Lung Cancer

Early Natural Menopause is a Risk Factor for Lung Disease, Mortality in Women who Smoke
September 29, 2022

After early natural (vs surgical) menopause, women who continued to smoke had 4.5-fold greater risk of lung cancer and related mortality, report study authors.

PCP Visits Associated with Smoking Cessation after Lung Cancer Diagnosis and Before Surgery
October 20, 2021

CHEST 2021: Among >7000 veterans diagnosed with lung cancer and scheduled for surgery, seeing a primary care doctor was linked to pre-operative quitting.

“Social Smoking” Linked to Disproportionately High Risk of Death from Lung Disease, Lung Cancer
September 08, 2020

New research presented at the virtual European Respiratory Society International Congress showed "social smokers" are more than twice as likely to die of lung disease vs non-smokers.

USPSTF: New Lung Cancer Screening Recommendations Will Double Number of Eligible Patients
July 14, 2020

The proposed recommendations will allow more women and black patients to be eligible for lung cancer screening.

Sometimes It Is Just a Cigar, But the Nicotine?
June 06, 2017

Nicotine amounts aren't constant among cigar brands Even smokers of the same brand may be exposed to varying doses of nicotine and other smoke constituents.

Pneumonia Hits Older Adults Hardest
July 28, 2015

Infections with pneumonia send a substantial number of older adults to the hospital, much more than younger adults. Researchers are calling for new rapid diagnostic tests.

Lung Cancer Screening: 3 Questions You Were Afraid to Ask
May 18, 2015

I was “foggy” on when and how to apply screens for lung cancer with low-dose CT, but a perfect model for a 3-question template provided answers.

Pleural Effusion
September 15, 2007

Congestive heart failure and cirrhosis are the most common causes of transudative pleural effusions, while pneumonia and malignancy are responsible for the majority of exudative effusions. Plain chest films are valuable in confirming the presence of an effusion, providing clues to the cause, and directing the method of pleural fluid sampling. Thoracentesis is safe and simple, and it is diagnostic in about 75% of cases. Pleural biopsy is indicated for unexplained exudative effusions, most of which are found to result from malignancy or tuberculosis. Medical thoracoscopy, if available, is the procedure of choice for patients with these effusions. Thoracoscopy permits visually directed pleural biopsies and allows for therapeutic intervention at the time of diagnosis, obviating the need for subsequent invasive procedures.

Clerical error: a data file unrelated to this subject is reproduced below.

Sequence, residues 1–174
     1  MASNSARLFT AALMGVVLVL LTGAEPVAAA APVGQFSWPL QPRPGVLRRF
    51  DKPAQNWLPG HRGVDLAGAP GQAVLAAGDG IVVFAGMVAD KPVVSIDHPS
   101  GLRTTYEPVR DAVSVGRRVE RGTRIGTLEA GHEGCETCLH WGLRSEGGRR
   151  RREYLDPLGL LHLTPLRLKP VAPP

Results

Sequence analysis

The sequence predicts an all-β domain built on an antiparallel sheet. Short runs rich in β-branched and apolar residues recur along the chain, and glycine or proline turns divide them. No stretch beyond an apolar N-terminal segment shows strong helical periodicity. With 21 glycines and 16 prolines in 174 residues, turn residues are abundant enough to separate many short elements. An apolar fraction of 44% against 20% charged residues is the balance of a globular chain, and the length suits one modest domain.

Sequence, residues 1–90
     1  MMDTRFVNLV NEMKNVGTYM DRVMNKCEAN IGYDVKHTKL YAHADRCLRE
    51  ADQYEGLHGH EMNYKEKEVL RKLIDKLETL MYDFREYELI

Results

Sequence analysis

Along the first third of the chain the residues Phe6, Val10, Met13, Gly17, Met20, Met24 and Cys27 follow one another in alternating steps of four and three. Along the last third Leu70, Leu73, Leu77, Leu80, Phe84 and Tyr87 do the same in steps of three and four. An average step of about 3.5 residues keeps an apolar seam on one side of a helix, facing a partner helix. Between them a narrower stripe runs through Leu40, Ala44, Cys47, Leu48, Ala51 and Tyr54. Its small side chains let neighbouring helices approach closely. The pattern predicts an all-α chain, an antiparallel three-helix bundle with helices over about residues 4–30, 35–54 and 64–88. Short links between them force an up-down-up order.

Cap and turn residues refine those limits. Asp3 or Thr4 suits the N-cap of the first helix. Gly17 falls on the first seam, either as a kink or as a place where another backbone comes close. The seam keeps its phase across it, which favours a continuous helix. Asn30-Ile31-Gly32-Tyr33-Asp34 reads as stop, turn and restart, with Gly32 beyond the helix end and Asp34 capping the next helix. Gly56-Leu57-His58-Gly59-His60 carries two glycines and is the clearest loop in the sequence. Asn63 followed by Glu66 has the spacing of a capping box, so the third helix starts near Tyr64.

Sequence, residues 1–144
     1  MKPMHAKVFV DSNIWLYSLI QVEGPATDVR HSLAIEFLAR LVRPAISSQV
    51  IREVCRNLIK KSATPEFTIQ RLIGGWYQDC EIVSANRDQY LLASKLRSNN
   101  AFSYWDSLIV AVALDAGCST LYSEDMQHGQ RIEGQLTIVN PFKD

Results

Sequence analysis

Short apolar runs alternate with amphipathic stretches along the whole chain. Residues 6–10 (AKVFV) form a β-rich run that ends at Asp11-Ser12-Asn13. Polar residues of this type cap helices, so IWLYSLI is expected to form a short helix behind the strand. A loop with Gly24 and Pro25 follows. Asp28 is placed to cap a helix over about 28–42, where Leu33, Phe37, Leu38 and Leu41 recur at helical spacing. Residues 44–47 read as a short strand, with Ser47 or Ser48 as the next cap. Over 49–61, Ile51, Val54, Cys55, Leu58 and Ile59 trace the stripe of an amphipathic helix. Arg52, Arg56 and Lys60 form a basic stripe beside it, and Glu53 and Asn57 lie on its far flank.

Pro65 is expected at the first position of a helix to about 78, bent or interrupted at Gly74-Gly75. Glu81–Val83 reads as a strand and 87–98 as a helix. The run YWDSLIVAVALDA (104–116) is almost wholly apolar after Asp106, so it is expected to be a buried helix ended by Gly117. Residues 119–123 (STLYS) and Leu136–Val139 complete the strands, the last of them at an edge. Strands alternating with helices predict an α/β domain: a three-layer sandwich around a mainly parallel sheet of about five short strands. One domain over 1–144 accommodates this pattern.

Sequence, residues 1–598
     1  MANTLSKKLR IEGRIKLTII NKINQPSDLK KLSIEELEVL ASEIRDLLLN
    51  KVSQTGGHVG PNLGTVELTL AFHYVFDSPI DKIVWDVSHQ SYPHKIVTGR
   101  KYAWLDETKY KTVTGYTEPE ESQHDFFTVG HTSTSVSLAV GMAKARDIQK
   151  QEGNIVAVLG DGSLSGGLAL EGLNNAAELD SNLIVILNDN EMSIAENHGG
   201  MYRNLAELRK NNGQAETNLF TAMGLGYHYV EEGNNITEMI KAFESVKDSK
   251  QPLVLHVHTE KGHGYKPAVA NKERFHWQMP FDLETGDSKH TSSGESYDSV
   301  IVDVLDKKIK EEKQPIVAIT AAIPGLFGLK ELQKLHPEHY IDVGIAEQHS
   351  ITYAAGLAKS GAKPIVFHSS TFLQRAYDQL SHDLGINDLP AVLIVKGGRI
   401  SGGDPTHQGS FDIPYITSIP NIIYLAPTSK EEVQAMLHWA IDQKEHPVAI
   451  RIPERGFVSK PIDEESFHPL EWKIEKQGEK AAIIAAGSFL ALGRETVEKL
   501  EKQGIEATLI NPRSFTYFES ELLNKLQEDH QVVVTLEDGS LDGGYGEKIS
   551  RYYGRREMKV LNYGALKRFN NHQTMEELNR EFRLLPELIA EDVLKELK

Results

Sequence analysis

Asymptomatic Smoker Who Requests Lung Cancer Screening
May 01, 2007

A 57-year-old man requests an extensive medical evaluation as part of a transition in the ownership of his business. He is generally healthy, although he reports that his capacity for physical exertion has diminished over the past several years. He denies chest pain with effort, dyspnea at night or on exertion, cough, and sputum production.

How to quickly zero in on the diagnosis Hemoptysis: A review of causes, evaluation, and treatment key words: Hemoptysis, Bronchoscopy, Embolization
April 01, 2007

abstract: Hemoptysis has many causes, including bronchiectasis, lung cancer, and bronchitis. The initial goals of the history and physical examination are to differentiate hemoptysis from epistaxis and hematemesis and then to establish its severity. A variety of signs and symptoms may suggest the underlying cause. For example, hematuria suggests vasculitis or an immunologically mediated disease, such as Wegener granulomatosis or systemic lupus erythematosus. The workup includes chest radiography and measurement of hemoglobin and hematocrit levels, platelet count, international normalized ratio, activated partial thromboplastin time, and creatinine level. Chest CT scanning often identifies sources of bleeding that are not apparent on radiographs and sometimes can be used in conjunction with bronchoscopy. Patients with massive hemoptysis should be hospitalized for rapid evaluation and intervention; treatment may include interventional bronchoscopy, angiography, or embolization. (J Respir Dis. 2007;28(4):139-148)